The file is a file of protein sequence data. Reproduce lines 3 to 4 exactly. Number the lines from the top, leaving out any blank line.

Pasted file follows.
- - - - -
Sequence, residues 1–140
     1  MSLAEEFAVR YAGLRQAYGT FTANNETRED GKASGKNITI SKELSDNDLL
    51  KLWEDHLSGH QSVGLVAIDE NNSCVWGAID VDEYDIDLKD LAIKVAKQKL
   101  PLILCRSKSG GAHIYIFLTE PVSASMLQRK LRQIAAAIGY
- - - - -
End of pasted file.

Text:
    51  KLWEDHLSGH QSVGLVAIDE NNSCVWGAID VDEYDIDLKD LAIKVAKQKL
   101  PLILCRSKSG GAHIYIFLTE PVSASMLQRK LRQIAAAIGY